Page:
After some bonking, she discovers that the gypsies want to reclaim this part of the wood from the landowner, as it houses the Sucking Pit – a bottomless pool of quicksand used by the gypsies to bury their dead, as well as any other corpses it might be convenient to dump. Despite the awesome front cover, the Sucking Pit does not seem to house any monsters or ghosties, although there is a legend or two and some spooky moments involving mist creeping over the bog.

Tramps never last long in Smith’s books, and one of them is killed horribly before a grave is robbed. This forms the best part of the more interesting opening section of the book; it doesn’t make much sense, but it crams in some sleazy content particular to the seventies which holds the attention if nothing else. Let’s have a bit of black magic… no matter that it seems to be a matter of merely drinking some hedgehog blood… here’s some sex… here’s some gratuitous violence…

So you can’t really say that this novel “goes off the rails” at any point. It’s never on them. There are no rails. You’re chuffing billy tottering along a canal bank.  

If someone challenged you to write a horror novella in two days, just 100 or so pages off the top of your head with no planning, it would look something like The Sucking Pit. I’ve a feeling this is exactly what Guy N Smith used to do. He could probably churn these numbers out at a couple of days’ notice, get them signed off at NEL, and then start another one. It sounds like bliss, but it doesn’t make for good fiction. It’s entertaining, at any rate - until the plot kicks in.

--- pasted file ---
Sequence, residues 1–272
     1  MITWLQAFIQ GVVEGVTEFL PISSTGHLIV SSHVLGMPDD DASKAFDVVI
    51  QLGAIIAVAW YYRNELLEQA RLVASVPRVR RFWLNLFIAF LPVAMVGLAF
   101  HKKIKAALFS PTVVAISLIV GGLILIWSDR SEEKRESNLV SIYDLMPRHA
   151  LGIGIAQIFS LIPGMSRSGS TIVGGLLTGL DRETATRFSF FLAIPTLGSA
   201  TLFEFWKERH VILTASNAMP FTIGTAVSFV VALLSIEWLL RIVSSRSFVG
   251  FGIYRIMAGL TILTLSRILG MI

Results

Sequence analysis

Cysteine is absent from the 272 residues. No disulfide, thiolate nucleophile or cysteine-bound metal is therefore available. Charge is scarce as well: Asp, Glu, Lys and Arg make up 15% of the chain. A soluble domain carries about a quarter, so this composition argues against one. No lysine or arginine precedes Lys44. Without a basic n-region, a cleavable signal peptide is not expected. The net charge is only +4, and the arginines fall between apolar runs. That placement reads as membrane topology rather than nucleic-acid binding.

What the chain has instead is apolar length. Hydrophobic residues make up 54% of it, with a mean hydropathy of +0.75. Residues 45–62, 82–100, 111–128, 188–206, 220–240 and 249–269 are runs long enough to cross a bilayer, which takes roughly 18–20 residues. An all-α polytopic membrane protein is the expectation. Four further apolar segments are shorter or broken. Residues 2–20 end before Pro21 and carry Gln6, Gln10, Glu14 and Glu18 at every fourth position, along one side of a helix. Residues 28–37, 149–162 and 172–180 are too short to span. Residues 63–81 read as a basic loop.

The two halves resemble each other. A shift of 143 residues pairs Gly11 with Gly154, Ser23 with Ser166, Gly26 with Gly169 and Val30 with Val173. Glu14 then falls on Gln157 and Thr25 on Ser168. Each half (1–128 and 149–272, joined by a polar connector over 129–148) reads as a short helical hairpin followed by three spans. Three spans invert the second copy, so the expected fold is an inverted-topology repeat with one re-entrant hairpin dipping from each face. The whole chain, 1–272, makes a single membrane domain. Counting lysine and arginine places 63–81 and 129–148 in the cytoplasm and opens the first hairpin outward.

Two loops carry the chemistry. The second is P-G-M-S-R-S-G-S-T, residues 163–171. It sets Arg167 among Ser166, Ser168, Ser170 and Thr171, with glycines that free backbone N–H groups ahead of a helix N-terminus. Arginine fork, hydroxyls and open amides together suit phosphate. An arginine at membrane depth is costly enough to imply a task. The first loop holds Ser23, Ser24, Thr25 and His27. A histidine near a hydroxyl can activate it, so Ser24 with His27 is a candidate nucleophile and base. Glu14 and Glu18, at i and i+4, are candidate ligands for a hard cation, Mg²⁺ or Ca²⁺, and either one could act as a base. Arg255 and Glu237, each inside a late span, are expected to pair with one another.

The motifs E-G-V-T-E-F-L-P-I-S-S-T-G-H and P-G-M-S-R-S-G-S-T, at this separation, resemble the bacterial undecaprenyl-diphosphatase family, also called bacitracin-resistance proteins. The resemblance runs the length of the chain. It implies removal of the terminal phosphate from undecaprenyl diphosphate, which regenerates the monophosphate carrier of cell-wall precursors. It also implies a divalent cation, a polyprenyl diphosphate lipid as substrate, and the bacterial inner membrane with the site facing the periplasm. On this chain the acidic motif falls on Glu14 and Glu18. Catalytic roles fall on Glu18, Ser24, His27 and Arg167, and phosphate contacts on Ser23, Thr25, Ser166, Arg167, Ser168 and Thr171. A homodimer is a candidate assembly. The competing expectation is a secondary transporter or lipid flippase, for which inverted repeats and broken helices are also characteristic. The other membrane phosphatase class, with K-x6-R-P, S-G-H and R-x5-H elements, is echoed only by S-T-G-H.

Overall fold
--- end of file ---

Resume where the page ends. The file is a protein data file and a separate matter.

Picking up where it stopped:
Technically, our first antagonist is Sir Clive Rowlands, the landowner, who is seduced by Jenny as a means of getting herself written into his will. Completely and utterly out of his mind with lust, Sir Clive consents to everything she asks for, until she arouses his suspicion by asking for… a car.

It’s almost like Bully’s big prize board on Bullseye. She’s won a microwave oven, a teasmaid, a cordless phone and the backgammon set; she decides to gamble for the car, but… Uh oh. Sir Clive twigs that the young lady might be into him for more than his sweaty, flabby crisis-sex. He tries to offer her some BFH. That’s when things go awry. Well, awry-er.